In his introductory remarks, High Commissioner for Sri Lanka in South Africa Prof. Gamini Gunawardena said, among other things, that TRCs were not entirely new to Sri Lanka but at the current juncture a renewed effort needed to be made by Sri Lanka towards reconciliation. Sri Lanka should aim at its own TRC process, he said.

During Q&A Roelf Meyer said that in South Africa there was a move away from authoritarianism towards democracy, a democratic constitution was ushered. In any reconciliation process, ensuring human rights should be the underlying approach with the Universal Declaration of Human Rights playing the role of guide. Besides, a reconciliation process must have long term legitimacy.

Dr. Fanie Du Toit said that Bishop Tutu’s commitment to forgiveness made him acceptable to all. Forgiveness is not a religious value but a human one, he said. It is also important to recognize that human rights violations are always wrong.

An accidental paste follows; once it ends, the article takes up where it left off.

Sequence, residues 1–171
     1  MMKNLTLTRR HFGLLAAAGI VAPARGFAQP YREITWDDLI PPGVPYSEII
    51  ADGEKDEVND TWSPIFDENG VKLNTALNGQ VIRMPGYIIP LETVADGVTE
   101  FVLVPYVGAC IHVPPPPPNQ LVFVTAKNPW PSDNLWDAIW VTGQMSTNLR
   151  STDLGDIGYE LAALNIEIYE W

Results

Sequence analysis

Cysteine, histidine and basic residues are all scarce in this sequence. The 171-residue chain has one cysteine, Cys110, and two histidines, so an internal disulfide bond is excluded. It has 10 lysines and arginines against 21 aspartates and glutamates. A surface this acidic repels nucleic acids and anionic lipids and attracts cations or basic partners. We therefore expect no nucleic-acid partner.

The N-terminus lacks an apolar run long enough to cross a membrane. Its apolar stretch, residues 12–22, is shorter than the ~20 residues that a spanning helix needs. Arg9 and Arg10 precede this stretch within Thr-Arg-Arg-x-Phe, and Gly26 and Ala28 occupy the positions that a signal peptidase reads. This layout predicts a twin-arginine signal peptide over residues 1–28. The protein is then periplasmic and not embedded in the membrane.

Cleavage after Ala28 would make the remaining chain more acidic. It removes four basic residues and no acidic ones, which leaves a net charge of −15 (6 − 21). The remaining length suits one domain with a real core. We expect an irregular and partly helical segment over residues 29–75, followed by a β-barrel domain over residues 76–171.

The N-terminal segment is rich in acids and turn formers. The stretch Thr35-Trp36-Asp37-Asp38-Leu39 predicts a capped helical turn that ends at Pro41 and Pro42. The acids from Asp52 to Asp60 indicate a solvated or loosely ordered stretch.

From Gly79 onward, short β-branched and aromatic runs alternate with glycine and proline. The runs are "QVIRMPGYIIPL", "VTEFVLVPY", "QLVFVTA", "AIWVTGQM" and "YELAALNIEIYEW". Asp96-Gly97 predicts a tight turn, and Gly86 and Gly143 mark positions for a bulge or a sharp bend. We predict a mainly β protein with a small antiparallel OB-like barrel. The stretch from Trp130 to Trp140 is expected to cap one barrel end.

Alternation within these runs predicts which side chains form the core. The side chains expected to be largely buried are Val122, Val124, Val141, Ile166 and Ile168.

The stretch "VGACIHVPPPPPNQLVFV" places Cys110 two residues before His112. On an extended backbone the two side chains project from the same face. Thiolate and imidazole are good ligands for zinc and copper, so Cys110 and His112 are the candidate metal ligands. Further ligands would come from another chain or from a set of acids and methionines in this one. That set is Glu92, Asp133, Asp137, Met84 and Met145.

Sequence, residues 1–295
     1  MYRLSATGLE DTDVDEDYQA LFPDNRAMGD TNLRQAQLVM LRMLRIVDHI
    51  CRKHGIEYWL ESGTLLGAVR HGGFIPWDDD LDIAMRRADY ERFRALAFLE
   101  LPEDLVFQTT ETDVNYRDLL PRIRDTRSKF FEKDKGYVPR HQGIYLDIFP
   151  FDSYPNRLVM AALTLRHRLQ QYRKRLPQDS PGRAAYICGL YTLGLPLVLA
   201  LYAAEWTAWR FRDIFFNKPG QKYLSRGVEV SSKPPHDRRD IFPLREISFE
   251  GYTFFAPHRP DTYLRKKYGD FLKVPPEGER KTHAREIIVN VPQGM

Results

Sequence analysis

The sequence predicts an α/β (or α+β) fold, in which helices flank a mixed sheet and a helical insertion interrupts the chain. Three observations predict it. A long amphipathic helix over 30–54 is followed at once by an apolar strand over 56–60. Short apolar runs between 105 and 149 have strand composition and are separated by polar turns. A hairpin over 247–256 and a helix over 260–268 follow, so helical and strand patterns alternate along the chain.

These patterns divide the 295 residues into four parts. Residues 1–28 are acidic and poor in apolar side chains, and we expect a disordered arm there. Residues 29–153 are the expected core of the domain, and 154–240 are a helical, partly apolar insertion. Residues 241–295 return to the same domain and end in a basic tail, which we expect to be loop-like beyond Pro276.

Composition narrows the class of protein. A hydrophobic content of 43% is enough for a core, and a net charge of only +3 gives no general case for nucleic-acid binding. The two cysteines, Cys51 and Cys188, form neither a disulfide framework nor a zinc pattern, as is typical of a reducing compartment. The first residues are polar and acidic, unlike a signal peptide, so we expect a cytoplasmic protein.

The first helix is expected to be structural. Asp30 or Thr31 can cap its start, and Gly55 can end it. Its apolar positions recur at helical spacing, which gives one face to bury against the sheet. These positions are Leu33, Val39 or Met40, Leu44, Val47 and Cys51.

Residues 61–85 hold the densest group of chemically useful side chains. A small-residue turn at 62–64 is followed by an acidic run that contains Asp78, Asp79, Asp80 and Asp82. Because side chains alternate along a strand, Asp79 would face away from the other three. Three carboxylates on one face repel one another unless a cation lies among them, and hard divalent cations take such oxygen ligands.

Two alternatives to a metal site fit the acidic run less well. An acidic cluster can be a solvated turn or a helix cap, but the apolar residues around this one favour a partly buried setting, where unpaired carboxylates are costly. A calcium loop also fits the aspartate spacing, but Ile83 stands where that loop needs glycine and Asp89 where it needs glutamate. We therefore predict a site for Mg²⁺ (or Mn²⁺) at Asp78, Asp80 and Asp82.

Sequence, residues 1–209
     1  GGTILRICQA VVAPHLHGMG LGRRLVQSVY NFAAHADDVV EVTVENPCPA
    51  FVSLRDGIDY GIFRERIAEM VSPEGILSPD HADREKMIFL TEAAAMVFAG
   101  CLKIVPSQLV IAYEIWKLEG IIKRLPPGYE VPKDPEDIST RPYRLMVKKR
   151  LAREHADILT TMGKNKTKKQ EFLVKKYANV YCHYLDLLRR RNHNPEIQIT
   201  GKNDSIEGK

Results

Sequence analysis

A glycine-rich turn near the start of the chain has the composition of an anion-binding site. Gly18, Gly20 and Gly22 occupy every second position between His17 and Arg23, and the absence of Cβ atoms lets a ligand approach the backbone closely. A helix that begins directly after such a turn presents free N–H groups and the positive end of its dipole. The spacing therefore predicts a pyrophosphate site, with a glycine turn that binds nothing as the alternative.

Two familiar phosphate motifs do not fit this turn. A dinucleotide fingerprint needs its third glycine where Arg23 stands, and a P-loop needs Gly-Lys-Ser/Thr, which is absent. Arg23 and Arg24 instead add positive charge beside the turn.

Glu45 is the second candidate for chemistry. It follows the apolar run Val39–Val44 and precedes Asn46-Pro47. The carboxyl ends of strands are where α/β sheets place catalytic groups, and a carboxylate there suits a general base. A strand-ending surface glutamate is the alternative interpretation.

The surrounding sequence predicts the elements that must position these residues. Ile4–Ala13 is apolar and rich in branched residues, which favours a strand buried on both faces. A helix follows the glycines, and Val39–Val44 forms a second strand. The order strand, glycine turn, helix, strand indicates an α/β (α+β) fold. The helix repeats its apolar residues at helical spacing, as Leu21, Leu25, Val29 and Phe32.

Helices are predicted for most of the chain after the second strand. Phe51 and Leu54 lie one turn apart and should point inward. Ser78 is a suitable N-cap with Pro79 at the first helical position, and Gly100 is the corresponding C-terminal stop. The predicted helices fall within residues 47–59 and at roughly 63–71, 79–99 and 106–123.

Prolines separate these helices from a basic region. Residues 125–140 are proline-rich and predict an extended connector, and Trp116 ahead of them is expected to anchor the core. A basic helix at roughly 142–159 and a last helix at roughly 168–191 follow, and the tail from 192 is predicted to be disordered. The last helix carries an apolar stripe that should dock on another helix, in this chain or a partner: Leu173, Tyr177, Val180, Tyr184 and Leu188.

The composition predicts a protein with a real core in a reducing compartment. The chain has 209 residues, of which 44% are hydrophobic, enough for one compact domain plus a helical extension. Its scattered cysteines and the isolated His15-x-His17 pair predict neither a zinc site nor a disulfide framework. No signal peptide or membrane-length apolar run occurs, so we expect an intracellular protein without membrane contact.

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Cucumber Face Mask



*  Cucumber and Aloe Vera


• 1 tablespoon aloe vera gel or juice • 1/4th grated cucumber


Mix the grated cucumber and aloe gel, and carefully apply the mixture on the face and also on your neck.

Leave it on for 15 minutes. Wash with warm water.

* Cucumber and Carrot


• 1 tablespoon fresh carrot juice • 1 tablespoon cucumber paste • 1 tablespoon sour cream


Extract fresh carrot juice and grate the cucumber to get a paste-like consistency. Mix these two ingredients, with the sour cream, and apply the paste on the face.

Leave it on for 15 to 20 minutes. Rinse with lukewarm water. (This cucumber face pack is good for dry skin)

* Cucumber and Tomato


• 1/4th cucumber • 1/2 ripe tomato


Peel the cucumber and blend it with the tomato and apply the paste on your face and neck and massage for a minute or two, in a circular motion.

Leave the paste on for 15 minutes. Rinse with cool water. (This cucumber face pack will give you brighter and radiant skin)

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Christmas time is here again…



The dawning of the month of December invariably reminds me of The Beatles ‘Christmas Time Is Here Again.’ And…yes, today is the 1st of December and, no doubt, there will be quite a lot of festive activities for us to check out.